The juncos are coming through. They're hoping around our backyard, cool as a cucumber. Check that, our garden cucumbers are gone already since it got too cold for them. The juncos are as cool as a...carrot...and nearly as earth-bound.
Juncos remind me of the wild woods, the deep real forests that surround Duluth and Lake Superior. They hang up there in the deep woods as long as they can, and only migrate a short ways south. Compared with the chickadee, juncos are a bit more shy and a bit more wild. Yet they come each year to our backyard and hang for a few weeks.
Juncos are ground feeders, often seen on the grass below feeders scooping up leftovers from hoggy squirrels.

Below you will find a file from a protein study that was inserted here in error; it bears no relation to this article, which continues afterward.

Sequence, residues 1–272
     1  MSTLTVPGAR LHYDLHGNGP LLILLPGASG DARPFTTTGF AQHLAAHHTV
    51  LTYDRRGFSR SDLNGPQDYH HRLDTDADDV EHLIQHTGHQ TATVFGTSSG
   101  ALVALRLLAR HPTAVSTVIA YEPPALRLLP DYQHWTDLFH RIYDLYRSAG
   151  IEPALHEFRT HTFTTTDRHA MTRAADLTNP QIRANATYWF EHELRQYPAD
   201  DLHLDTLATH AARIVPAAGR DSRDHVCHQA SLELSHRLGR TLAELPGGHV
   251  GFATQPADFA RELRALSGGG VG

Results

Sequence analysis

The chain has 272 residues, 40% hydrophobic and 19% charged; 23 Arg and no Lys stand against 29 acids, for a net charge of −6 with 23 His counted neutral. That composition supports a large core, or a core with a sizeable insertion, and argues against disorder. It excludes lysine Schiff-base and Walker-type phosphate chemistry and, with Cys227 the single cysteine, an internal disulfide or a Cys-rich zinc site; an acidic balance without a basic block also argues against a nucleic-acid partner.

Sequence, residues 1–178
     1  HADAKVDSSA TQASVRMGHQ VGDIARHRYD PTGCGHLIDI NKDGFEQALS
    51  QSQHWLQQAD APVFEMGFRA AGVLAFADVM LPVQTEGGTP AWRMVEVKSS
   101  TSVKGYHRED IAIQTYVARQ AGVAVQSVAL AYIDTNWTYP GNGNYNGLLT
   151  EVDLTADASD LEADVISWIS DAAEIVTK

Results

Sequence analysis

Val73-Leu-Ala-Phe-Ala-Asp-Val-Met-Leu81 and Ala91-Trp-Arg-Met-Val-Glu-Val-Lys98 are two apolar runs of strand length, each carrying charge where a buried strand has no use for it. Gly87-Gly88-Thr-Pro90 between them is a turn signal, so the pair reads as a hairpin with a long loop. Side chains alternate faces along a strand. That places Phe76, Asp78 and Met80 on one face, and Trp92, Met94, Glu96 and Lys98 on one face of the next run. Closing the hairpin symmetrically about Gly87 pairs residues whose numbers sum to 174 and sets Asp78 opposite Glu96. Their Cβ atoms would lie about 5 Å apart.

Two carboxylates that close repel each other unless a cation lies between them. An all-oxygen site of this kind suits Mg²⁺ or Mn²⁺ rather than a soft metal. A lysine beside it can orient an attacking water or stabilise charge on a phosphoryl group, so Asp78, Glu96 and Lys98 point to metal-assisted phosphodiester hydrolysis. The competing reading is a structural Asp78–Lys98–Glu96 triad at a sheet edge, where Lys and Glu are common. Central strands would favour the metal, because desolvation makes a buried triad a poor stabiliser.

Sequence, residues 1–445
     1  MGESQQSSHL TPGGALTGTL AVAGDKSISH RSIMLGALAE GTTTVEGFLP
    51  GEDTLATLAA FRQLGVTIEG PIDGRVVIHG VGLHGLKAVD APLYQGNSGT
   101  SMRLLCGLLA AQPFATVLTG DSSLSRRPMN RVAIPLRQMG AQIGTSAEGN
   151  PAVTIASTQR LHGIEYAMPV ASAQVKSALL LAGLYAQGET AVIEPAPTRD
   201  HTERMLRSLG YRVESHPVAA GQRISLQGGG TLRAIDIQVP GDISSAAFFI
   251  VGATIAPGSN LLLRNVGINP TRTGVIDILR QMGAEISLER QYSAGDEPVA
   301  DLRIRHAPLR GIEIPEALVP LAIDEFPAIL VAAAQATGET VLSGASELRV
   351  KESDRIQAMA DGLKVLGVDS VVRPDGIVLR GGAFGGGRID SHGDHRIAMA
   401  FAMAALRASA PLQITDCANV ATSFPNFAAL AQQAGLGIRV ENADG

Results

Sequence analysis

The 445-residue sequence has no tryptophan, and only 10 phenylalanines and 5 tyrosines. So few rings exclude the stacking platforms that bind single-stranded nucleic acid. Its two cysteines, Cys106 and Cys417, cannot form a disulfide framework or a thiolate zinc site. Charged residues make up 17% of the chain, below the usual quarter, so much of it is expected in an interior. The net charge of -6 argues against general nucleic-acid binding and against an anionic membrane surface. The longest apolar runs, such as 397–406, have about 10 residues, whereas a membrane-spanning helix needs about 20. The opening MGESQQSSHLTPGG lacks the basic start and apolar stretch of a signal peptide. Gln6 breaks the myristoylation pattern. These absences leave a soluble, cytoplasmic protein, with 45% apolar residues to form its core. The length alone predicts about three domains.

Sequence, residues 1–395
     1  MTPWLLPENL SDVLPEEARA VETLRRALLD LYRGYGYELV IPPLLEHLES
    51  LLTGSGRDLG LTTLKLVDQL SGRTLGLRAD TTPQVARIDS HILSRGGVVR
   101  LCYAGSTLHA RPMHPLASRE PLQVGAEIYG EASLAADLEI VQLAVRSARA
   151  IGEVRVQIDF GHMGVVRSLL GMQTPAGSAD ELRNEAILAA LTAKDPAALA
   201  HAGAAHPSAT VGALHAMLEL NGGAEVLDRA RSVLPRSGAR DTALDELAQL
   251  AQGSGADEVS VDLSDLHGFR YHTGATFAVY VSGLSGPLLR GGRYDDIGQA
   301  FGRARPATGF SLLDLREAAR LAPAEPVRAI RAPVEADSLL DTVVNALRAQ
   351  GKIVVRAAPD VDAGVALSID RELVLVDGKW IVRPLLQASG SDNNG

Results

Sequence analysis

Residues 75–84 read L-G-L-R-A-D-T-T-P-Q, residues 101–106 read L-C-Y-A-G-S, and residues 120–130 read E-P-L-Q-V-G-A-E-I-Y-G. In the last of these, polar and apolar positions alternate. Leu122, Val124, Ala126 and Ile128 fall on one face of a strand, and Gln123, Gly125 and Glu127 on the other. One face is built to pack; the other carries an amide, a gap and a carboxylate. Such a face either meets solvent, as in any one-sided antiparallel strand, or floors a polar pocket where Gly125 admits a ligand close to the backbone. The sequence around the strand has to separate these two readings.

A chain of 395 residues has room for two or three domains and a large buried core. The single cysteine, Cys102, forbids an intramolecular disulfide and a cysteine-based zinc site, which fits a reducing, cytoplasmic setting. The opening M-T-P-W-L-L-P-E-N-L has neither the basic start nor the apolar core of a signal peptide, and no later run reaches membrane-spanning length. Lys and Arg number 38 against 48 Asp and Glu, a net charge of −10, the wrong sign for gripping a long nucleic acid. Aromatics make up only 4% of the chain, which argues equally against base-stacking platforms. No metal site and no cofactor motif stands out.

I found the picture above from the US Fish and Wildlife Service. I searched a lot of images, but couldn't find one that showed the junco's most distinctive marking, the white outer tail feathers that flash when they flit into flight. I know this bird well enough to identify it by season, by association. Crisp northwest breezes? October or April? Smell of leaves starting to rot? Flash of white means junco.
As fall rolls along and we become increasing set at home, it warms my heart to have this little reminder of the deep woods come hang with us out of the wild.